SDG 7 – Affordable and clean energy
- 7.1 – By 2030, ensure universal access to affordable, reliable and modern energy services
- 7.b – By 2030, expand infrastructure and upgrade technology for supplying modern and sustainable energy services for all in developing countries, in particular least developed countries, small island developing States, and land-locked developing countries, in accordance with their respective programmes of support
SDG 8 – Decent work and economic growth
- 8.1 – Sustain per capita economic growth in accordance with national circumstances and, in particular, at least 7 per cent gross domestic product growth per annum in the least developed countries
- 8.2 – Achieve higher levels of economic productivity through diversification, technological upgrading and innovation, including through a focus on high-value added and labour-intensive sectors
- 8.3 – Promote development-oriented policies that support productive activities, decent job creation, entrepreneurship, creativity and innovation, and encourage the formalization and growth of micro-, small- and medium-sized enterprises, including through access to financial services
- 8.6 – By 2020, substantially reduce the proportion of youth not in employment, education or training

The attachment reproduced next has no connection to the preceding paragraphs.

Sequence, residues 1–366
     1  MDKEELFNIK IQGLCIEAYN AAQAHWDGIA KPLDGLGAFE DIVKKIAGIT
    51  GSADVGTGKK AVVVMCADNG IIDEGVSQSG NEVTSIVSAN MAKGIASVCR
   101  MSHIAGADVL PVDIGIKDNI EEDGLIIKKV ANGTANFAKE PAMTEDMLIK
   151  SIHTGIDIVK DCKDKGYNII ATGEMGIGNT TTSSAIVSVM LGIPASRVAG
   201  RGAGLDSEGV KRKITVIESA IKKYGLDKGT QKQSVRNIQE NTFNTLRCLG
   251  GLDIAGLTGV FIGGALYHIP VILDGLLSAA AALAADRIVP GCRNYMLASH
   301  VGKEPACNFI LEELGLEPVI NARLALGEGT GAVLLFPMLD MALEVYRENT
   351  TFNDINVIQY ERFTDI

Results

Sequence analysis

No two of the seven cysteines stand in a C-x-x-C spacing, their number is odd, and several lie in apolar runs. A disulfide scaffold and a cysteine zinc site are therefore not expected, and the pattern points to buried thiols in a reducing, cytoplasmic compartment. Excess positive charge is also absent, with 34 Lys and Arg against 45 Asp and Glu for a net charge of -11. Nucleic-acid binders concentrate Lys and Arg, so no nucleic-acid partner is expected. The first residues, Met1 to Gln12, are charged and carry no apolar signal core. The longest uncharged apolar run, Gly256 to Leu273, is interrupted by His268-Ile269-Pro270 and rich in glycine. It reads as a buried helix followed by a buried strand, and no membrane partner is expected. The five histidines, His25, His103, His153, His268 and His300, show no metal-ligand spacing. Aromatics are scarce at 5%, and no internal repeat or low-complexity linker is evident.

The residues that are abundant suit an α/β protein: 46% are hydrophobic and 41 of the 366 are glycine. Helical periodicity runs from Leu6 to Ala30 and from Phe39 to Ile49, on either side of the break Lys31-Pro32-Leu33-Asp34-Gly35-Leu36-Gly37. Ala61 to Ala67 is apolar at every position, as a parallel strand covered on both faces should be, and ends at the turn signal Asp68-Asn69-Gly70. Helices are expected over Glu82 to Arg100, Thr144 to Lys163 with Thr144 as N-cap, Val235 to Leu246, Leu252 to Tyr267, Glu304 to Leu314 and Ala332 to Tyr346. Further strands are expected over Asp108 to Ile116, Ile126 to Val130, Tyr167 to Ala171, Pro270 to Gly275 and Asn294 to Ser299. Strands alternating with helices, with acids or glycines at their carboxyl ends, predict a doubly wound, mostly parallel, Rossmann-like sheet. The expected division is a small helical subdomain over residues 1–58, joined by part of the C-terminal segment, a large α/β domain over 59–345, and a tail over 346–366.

SDG 9 – Industry, innovation and infrastructure
- 9.1 – Develop quality, reliable, sustainable and resilient infrastructure, including regional and transborder infrastructure, to support economic development and human well-being, with a focus on affordable and equitable access for all
- 9.2 – Promote inclusive and sustainable industrialization and, by 2030, significantly raise industry’s share of employment and gross domestic product, in line with national circumstances, and double its share in least developed countries
- 9.a – Facilitate sustainable and resilient infrastructure development in developing countries through enhanced financial, technological and technical support to African countries, least developed countries, landlocked developing countries and small island developing States
- 9.b – Support domestic technology development, research and innovation in developing countries, including by ensuring a conducive policy environment for, inter alia, industrial diversification and value addition to commodities
SDG 10 – Reduced inequalities
- 10.1 – By 2030, progressively achieve and sustain income growth of the bottom 40 per cent of the population at a rate higher than the national average
- 10.3 – Ensure equal opportunity and reduce inequalities of outcome, including by eliminating discriminatory laws, policies and practices and promoting appropriate legislation, policies and action in this regard
- 10.b – Encourage official development assistance and financial flows, including foreign direct investment, to States where the need is greatest, in particular least developed countries, African countries, small island developing States and landlocked developing countries, in accordance with their national plans and programmes